Fear of abandonment: where it comes from and how to treat it
Fear of abandonment is a very common phobia, but one that people find it difficult to identify as being unconscious. It is not as simple to assume as the fear of the dark, of snakes or of height, for example. But this fear can transform relationships and disrupt the daily lives of those who suffer from this problem.
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Fear of abandonment arises early in life
The fear of abandonment arises already in our first years. When the woman gives birth, the baby comes out of the comfort of the mother’s womb, where he feels welcomed, safe and nurtured and departs for a totally unknown reality.
The fear of abandonment appears as a primary defense mechanism since, in infancy, children depend exclusively on adults to survive. For this reason, the support, attention, and affection of parents from childhood is so important to form adults without the fear of abandonment.
How can the fear of abandonment be avoided?
Only the constant presence of parents and/or caregivers in childhood, with affection and attention, can bring the security that the child needs; this way they feel that their survival will be guaranteed and they do not need to be afraid.
In the case of the child who has had conflicts in school and the unsafe partner in the adult relationship, they are both acting unconsciously as a way of drawing the attention of the mother or partner. Calling attention to yourself is an unconscious way of feeling secure.
The child begins to create mechanisms to raise the attention of parents from a very young age; when their brain realizes that their behavior is successful, that it works to gain attention, it becomes automatic so they feel safe and protected. In adult life, the same thing happens: if the fear of abandonment makes your partner try to give you more security, the insecure uses this fear as a way to gain more attention.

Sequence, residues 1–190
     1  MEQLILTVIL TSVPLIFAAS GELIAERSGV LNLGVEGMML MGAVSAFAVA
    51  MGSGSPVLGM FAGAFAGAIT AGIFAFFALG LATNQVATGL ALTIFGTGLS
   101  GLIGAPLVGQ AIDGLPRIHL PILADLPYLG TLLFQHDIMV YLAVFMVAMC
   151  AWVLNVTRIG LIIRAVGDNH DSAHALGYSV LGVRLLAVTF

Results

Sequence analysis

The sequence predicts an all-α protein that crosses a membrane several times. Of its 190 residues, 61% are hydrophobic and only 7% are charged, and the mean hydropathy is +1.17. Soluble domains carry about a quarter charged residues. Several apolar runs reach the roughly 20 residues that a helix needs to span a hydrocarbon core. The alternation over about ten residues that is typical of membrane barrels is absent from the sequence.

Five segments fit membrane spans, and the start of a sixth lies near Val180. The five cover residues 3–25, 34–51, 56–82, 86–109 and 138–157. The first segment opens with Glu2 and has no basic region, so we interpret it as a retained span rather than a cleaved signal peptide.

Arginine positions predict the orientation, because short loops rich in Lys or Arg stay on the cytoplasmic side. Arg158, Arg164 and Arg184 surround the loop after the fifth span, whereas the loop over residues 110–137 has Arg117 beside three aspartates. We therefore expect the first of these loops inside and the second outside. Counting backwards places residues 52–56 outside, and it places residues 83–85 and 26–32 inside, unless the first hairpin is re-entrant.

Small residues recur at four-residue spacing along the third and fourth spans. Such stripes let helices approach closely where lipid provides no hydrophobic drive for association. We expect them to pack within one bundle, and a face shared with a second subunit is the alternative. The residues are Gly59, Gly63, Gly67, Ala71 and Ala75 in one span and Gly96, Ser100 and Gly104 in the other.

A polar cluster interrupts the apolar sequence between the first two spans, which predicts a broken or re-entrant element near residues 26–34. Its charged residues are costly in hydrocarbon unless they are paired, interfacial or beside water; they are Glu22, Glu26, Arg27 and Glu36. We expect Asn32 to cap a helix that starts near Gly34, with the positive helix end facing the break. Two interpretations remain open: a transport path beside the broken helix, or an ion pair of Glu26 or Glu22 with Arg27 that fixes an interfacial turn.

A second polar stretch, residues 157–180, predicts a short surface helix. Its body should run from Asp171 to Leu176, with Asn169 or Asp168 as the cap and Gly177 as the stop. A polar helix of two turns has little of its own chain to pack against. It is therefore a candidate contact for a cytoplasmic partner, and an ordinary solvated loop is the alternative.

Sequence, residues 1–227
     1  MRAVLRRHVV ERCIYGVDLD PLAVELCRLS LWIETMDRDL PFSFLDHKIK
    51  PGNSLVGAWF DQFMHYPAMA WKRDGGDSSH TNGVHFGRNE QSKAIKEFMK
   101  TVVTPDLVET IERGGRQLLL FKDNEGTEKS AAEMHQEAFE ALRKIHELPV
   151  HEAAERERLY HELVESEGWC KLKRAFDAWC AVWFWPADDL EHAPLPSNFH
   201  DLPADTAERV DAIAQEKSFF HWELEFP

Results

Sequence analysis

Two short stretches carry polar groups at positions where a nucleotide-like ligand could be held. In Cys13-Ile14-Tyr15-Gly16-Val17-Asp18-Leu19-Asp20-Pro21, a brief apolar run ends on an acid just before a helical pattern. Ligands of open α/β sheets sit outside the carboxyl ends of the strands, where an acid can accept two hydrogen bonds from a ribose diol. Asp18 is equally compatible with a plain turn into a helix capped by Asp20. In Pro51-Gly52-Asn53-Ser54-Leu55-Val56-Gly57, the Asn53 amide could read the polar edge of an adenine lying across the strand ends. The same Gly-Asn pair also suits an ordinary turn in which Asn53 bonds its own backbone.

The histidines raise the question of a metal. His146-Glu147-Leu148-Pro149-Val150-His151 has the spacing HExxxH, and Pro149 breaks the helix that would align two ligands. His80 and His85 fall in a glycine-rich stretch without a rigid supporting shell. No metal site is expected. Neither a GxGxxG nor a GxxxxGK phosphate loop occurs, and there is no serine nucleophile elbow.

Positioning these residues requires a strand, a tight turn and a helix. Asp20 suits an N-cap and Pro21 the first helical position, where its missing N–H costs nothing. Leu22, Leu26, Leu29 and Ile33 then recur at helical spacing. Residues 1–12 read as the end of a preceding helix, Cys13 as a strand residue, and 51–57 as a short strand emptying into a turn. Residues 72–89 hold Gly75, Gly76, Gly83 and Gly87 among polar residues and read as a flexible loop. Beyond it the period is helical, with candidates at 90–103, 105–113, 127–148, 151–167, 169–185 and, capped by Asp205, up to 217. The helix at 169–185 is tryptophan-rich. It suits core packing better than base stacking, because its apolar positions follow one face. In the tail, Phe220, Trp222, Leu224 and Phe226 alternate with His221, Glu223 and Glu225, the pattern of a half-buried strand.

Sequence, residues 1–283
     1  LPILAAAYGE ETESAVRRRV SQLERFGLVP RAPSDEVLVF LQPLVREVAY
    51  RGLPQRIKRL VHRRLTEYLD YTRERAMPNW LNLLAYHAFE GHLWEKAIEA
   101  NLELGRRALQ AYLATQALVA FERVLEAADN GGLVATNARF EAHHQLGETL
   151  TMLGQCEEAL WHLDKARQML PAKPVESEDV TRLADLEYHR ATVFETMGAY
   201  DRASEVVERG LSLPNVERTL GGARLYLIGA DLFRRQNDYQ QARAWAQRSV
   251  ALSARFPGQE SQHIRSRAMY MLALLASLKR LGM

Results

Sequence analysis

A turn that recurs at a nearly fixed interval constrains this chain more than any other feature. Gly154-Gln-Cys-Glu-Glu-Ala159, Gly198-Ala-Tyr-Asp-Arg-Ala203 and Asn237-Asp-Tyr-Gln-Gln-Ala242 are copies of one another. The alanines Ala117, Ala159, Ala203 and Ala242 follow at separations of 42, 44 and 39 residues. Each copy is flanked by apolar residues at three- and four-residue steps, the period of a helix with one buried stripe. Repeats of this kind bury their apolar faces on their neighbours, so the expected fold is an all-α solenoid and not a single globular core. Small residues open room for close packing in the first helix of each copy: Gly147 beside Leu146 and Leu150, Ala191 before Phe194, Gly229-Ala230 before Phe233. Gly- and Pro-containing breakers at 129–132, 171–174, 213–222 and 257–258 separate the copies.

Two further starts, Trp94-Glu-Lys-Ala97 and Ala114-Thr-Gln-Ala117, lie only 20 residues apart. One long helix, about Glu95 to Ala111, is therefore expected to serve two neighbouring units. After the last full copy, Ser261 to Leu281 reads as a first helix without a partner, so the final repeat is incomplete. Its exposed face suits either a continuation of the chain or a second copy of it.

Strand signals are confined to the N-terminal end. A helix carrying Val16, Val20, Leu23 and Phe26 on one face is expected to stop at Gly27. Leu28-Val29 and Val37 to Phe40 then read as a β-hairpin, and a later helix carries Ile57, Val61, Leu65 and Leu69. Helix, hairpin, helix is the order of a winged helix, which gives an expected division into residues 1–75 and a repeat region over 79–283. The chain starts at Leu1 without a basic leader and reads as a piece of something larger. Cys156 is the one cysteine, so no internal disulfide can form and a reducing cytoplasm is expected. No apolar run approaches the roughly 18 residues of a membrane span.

Maintain a positive mind is a way to treat this fear
Studies of the functioning of the human mind prove that a person’s mental state is more powerful than the biological factors. And for this to happen, it takes self-knowledge and understanding of the people around us, especially those who have the greatest degree of affective attachment to the one who feels insecure.
The suggestion of parapsychology for both cases – whether it is the fear of abandonment in childhood or in adult relationships – is that the insecure tries to maintain a positive mental attitude.
Strive to keep good thoughts about the person who begets you, such as trust, appreciation, recognition, affection, respect. And the dialogue must be constant so that the other knows of their feelings and they can, then, understand them – after all, nobody has telepathy to be able to understand exactly what is happening.
Usually, the detachment in relationships happens because of some concern that a person is feeling and that their thinking cannot be in focus. The greater the degree of understanding and companionship to overcome this problem, the greater the chances of living healthy relationships, which are based on affection and not on lack or fear of losing. When you are aware of the feelings you both experience, you are most likely to live in peace and harmony.
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